In 1976 Draper spent four months in a federal prison for wire fraud. He's certain the Feds are watching him, so he stays away from illegal phone calls; going so far as to include a link on his own Web page to a page listing good legal deals from legitimate phone companies. Another prison term, he says, could put him away for 10 or 15 years: "By then, I'll be 65 or 70 years old. I want to live my life!"
        Five days later an anonymous message appears in the Usenet newsgroup news.admin.net_abuse. misc. "Johnny," a Colorado hacker in his early 20s, claims responsibility for the "mail bomb" against Draper--and similar attacks on journalists, the White House, Rush Limbaugh, MTV executives and another famous elder hacker, Emmanuel Goldstein. In the lengthy message, Johnny writes this about Cap'n Crunch: "You are nothing. You haven't been anything for a long time. Quit this pretense of you knowing something about current phone systems."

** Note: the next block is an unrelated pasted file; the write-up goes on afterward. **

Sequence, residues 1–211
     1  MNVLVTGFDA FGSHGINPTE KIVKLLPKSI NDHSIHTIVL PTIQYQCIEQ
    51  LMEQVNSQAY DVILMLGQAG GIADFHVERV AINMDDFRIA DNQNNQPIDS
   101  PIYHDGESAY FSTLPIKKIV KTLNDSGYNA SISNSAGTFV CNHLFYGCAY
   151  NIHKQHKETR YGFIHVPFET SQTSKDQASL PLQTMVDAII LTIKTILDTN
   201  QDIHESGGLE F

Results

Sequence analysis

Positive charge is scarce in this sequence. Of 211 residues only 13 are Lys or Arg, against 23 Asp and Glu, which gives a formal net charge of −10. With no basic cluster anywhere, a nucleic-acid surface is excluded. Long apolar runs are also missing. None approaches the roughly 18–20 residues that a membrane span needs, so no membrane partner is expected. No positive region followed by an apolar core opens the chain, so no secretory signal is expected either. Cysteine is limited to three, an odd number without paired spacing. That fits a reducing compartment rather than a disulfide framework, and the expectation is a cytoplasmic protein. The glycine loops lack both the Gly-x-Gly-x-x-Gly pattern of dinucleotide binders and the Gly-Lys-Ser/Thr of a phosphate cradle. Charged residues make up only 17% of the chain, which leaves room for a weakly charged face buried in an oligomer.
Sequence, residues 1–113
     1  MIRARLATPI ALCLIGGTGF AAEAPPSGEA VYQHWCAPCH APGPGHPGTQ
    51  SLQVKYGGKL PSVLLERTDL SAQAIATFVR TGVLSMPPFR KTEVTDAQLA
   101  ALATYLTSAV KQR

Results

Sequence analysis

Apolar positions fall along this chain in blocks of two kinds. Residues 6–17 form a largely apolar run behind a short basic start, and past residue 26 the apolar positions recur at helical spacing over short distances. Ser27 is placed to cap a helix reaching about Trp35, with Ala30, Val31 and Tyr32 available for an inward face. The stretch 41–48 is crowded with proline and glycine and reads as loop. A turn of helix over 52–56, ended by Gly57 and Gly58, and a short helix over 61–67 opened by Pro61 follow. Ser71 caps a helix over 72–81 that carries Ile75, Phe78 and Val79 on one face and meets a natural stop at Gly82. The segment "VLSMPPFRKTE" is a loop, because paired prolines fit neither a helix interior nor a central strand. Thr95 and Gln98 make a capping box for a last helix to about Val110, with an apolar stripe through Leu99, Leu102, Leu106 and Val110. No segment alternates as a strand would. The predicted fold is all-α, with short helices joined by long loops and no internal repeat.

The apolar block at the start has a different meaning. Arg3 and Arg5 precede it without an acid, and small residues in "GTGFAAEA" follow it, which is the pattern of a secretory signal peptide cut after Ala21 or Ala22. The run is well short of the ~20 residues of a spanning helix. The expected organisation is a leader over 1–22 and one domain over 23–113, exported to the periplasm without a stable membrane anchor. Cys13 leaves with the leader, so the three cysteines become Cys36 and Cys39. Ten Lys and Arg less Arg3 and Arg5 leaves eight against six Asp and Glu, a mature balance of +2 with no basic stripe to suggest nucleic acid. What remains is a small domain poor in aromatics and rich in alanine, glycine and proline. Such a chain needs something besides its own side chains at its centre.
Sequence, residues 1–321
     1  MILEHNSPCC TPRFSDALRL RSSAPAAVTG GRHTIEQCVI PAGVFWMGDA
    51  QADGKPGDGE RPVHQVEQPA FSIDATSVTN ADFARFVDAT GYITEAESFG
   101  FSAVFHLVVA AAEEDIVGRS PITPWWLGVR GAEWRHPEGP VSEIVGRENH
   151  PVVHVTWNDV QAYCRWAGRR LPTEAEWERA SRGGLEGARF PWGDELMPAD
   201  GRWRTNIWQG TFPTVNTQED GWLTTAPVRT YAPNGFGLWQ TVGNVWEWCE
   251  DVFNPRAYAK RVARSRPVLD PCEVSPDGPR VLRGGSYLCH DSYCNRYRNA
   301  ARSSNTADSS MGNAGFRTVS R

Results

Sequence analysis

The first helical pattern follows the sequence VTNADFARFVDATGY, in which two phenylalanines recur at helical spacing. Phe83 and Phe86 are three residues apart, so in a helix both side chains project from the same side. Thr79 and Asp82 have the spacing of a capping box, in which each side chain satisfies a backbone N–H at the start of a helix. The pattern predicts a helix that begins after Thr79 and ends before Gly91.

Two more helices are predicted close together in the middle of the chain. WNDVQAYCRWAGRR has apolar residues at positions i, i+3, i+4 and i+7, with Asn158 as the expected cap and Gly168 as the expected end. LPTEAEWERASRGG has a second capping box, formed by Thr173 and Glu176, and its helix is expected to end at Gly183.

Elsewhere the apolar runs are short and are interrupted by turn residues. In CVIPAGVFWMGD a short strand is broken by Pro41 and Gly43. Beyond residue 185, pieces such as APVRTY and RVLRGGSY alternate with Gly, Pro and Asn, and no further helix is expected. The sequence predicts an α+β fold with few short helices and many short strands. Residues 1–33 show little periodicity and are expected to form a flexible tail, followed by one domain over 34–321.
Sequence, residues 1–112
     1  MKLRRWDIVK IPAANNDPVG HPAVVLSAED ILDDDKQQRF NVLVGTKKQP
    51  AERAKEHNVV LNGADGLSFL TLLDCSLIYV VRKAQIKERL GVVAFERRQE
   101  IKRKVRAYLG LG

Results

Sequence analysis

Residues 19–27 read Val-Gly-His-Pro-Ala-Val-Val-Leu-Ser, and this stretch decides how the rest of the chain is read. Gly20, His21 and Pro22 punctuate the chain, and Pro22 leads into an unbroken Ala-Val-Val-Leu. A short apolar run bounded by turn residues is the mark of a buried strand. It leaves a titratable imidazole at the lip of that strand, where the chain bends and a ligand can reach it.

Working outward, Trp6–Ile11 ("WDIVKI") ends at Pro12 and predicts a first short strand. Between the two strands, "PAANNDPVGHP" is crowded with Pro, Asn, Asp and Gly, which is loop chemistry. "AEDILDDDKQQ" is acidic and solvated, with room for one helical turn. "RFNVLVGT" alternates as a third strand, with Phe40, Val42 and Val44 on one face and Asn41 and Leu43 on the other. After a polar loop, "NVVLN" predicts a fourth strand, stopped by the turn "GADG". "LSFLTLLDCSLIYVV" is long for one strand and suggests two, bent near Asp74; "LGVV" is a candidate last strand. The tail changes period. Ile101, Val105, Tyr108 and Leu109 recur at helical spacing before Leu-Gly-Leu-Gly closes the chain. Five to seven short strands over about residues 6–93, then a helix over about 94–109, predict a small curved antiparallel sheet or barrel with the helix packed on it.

Johnny calls a couple of nights after the attack to do a telephone interview. He's devilishly proud of his attack on the system and listens patiently to an account of Draper's defense of himself. Johnny isn't fazed. Draper, he says, has committed an indescribable sin by contacting the FBI. Worse yet, in the eyes of working hackers everywhere, he continues to take credit for stuff he hasn't done in decades. "He's gone out of his way to mail quite a few hackers, saying they're either stupid, lame or he's going to sue them or narc them out to the FBI," Johnny says. "That's not exactly in keeping with the hacker ethic." By way of response, Draper says that the Secret Service is after Johnny for spamming the White House and that he had better watch out.